Amazon begins testing its 'Scout' delivery robot in Southern California

Polycount

TS Evangelist
Staff member

For those who don't know, Scout is a small, six-wheeled vehicle with a Prime logo emblazoned on its side, and an array of sensors that help it navigate streets, sidewalks, driveways, and other random day-to-day obstacles safely. The little robot is completely autonomous, with no human driver or operator.

Prior to this latest announcement, Scout robots had been primarily used to ferry packages around Snohomish County, Washington; near Amazon HQ. This gave the company more control and oversight over the robot's behavior, but now, Amazon clearly feels their creation is ready to spread its wings and work further away from home.

If you live in the Irvine area, you may just find that your next Amazon order will be delivered by one of these mini machines. There's no special opt-in agreement that you have to sign; the integration is seamless and random, so there isn't a reliable way to guarantee you'll get a Scout-delivered order. However, if you order enough packages through Amazon on a weekly basis, your odds will certainly go up.

If you have your heart set on spotting one of these little guys, though, here's some additional information: the pool of initial Scout robots will be small, and they will only deliver packages during the daytime between Monday and Friday every week (likely to cut down on the risk of nighttime theft or vandalism).

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wiyosaya

TS Evangelist
I hate to say it, but I can see all kinds of problems with this especially as presented in the video. The two biggest problems that come to mind are

1. No means for the robot to put something on your doorstep - you have to be home.
2. The robot itself being hijacked. Wrap some aluminum foil around it for a Faraday cage, then break into it for the "treasure".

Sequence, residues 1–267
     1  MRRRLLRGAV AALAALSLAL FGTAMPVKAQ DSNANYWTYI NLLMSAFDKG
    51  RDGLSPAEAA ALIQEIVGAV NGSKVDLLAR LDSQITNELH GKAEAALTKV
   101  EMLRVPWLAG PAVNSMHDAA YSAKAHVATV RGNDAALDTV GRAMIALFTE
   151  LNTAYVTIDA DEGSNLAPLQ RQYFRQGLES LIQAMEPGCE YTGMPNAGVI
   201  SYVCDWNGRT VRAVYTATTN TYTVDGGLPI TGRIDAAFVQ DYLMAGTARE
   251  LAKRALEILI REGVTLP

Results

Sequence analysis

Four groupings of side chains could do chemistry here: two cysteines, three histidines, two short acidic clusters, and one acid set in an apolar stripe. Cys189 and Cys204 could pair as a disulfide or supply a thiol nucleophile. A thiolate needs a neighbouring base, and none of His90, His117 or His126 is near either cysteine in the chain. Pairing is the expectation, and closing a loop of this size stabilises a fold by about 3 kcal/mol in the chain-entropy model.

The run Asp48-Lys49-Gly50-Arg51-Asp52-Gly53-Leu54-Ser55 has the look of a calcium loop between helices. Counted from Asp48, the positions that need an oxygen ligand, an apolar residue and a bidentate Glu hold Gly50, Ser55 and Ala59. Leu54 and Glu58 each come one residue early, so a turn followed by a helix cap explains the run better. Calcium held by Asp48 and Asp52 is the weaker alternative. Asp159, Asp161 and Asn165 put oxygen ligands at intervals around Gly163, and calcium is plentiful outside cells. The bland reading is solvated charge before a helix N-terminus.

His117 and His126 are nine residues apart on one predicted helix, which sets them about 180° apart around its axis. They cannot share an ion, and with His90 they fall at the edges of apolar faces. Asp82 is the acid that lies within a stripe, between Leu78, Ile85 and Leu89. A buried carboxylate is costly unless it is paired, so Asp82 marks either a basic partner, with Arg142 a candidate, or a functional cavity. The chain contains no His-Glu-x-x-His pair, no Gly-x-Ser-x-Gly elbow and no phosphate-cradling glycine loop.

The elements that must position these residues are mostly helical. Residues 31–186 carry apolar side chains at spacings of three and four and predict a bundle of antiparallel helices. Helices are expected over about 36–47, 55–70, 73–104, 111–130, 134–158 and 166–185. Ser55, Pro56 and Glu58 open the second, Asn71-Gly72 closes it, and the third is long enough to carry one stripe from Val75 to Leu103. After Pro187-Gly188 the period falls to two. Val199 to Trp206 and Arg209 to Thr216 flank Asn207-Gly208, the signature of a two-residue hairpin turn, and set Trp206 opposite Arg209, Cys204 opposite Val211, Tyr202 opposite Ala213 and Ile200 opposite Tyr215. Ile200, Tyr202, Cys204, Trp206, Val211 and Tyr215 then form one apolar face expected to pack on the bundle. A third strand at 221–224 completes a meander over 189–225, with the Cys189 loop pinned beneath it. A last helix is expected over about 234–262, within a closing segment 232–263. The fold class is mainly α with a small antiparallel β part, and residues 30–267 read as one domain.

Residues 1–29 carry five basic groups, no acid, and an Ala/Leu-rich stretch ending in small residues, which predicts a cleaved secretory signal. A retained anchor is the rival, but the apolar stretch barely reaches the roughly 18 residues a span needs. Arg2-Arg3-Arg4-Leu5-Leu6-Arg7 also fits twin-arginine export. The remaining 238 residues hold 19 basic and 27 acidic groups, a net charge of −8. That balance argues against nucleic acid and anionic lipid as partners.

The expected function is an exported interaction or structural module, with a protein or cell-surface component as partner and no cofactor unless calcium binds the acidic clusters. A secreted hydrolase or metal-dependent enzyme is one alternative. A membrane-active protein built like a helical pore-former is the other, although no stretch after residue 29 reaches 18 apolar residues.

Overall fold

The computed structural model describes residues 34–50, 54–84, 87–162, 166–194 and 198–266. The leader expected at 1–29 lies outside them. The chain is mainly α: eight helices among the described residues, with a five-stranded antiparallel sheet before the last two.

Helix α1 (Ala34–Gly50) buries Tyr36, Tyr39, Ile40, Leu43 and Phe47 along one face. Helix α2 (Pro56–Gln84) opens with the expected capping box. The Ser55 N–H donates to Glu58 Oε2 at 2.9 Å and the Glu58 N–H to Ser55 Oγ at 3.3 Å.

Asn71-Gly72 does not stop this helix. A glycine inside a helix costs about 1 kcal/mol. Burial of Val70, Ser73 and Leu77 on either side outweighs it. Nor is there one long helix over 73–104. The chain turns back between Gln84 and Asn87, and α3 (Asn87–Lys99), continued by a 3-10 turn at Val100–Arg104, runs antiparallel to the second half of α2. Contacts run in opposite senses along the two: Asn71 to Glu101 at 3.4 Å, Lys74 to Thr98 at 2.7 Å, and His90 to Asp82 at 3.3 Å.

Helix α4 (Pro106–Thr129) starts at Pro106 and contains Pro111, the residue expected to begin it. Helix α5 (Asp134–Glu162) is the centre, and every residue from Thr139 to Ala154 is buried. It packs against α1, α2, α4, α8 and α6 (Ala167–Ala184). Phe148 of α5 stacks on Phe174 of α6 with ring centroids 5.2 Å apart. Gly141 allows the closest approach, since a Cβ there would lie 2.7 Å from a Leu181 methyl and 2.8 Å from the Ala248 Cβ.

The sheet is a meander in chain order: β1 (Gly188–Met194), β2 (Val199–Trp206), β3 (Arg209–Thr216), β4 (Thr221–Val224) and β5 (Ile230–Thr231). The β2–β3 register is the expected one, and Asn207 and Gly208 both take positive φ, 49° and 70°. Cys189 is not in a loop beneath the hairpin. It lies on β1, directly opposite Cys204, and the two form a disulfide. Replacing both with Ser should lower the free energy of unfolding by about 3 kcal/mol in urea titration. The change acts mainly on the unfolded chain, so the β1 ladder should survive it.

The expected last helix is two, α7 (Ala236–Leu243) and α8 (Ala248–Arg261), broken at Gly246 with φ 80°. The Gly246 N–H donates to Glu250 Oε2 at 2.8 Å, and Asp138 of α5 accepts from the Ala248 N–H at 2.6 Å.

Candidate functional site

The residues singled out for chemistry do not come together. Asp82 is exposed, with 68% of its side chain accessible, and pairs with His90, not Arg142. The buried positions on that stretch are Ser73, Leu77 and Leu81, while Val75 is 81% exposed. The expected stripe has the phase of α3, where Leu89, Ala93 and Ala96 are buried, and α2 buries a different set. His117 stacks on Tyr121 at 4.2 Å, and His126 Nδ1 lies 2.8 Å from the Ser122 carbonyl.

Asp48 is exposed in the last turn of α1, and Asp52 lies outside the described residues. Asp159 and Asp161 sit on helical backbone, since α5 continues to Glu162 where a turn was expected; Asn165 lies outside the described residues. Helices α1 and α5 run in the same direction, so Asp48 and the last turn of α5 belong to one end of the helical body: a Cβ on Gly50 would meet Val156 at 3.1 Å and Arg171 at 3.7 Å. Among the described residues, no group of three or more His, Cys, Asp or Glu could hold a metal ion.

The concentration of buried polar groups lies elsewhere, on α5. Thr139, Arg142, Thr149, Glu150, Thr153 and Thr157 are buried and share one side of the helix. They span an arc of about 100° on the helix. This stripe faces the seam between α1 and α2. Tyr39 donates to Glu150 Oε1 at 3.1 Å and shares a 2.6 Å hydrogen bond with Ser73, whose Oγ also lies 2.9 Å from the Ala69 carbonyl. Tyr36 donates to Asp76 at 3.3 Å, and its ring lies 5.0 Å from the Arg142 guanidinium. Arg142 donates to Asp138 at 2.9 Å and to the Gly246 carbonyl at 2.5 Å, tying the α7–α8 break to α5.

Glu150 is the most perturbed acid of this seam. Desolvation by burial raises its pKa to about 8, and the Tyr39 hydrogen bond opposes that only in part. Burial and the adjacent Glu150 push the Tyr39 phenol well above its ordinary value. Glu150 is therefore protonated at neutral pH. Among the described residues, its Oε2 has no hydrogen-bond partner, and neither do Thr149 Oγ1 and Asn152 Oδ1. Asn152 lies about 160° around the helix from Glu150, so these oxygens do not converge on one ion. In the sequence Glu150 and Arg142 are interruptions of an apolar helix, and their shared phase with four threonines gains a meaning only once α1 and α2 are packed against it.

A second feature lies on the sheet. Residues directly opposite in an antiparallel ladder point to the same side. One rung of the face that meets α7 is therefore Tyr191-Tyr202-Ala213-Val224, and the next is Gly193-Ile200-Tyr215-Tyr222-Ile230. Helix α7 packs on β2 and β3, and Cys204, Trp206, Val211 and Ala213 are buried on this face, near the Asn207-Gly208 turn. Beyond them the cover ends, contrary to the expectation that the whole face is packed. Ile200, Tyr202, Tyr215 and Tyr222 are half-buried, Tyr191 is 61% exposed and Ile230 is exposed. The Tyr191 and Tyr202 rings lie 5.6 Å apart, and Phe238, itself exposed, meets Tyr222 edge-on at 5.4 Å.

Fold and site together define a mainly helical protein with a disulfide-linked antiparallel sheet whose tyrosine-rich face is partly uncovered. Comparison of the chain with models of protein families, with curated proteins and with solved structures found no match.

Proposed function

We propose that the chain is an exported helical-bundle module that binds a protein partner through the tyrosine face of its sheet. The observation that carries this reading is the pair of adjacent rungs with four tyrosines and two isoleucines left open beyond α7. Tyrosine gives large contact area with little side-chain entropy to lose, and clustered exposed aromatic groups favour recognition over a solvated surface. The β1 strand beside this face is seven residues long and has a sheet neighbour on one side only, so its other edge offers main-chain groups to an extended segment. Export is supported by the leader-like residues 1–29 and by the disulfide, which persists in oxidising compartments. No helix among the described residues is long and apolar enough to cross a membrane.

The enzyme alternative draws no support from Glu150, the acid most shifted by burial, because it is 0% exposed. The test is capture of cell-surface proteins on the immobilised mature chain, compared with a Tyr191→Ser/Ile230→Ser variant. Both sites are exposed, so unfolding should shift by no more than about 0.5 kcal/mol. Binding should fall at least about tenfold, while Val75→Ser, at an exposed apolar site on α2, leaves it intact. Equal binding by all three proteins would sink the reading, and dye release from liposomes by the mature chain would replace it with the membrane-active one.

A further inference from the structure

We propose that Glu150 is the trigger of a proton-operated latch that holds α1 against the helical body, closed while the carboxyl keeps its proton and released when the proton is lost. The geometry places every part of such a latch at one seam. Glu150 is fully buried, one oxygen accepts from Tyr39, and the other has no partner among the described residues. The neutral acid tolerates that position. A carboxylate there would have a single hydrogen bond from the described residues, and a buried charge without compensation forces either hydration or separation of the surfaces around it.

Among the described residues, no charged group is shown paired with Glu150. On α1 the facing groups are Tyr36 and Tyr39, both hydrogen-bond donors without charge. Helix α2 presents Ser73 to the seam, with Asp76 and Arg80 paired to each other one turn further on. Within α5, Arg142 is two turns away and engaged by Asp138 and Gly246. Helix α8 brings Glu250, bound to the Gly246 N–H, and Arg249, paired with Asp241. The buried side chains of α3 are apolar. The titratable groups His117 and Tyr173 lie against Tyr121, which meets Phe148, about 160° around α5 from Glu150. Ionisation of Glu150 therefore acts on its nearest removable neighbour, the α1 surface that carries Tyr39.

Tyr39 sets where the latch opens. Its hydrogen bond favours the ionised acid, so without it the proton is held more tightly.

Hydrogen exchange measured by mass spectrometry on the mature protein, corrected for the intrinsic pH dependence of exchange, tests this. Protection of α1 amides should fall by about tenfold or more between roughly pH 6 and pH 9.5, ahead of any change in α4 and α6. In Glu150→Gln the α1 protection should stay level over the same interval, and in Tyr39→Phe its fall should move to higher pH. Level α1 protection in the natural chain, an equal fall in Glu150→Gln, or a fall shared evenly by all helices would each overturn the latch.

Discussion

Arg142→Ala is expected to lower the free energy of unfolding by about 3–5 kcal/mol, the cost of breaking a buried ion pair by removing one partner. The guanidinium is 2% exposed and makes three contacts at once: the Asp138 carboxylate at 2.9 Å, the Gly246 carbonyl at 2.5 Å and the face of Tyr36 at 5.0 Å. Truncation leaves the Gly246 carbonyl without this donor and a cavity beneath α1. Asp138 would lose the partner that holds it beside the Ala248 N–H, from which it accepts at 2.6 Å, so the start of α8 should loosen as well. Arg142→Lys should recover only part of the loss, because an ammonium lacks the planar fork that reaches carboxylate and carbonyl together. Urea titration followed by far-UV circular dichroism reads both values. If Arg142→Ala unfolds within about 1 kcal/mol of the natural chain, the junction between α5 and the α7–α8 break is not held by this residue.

TheBigT42

TS Maniac
I hate to say it, but I can see all kinds of problems with this especially as presented in the video. The two biggest problems that come to mind are

1. No means for the robot to put something on your doorstep - you have to be home.
2. The robot itself being hijacked. Wrap some aluminum foil around it for a Faraday cage, then break into it for the "treasure".
It won't take long for these things to get stolen
 
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brucek

TS Maniac
They carry one package at a time? What's the range on them? What are they deployed from?

Is the idea that a truck/mothership releases a swarm of them to service a few blocks worth of packages, waits for them all to deliver and come back, and then moves to the next location?

It doesn't seem like it would scale to have them coming only from the major regional warehouses? (they don't even seem highway ready?)
 

brucek

TS Maniac
They should realize that when humans don't have a job they don't order any packages.
Here in the US we are currently near peak employment, with open job positions often outnumbering unemployed workers. The idea is not to put humans out of jobs permanently, it is to continue making progress so that less useful jobs no longer need to be done at all, with new better ones taking their place.

Although -- while all evidence is we keep desiring new products and services rather than deciding to work less -- it would be nice if someday automation drove all the costs of an average happy life down to the point where no one really needed to work if they didn't want to. Maybe someday.
 

captaincranky

TechSpot Addict
This is one of these, "let's do it because we can", ideas, IMHO, that doesn't mean is necessarily it a good idea, or even an idea worth doing.

I have been criticized recently as, "an old Fogy", since I really wasn't on board, (even a tiny bit), with the robotic tail concept.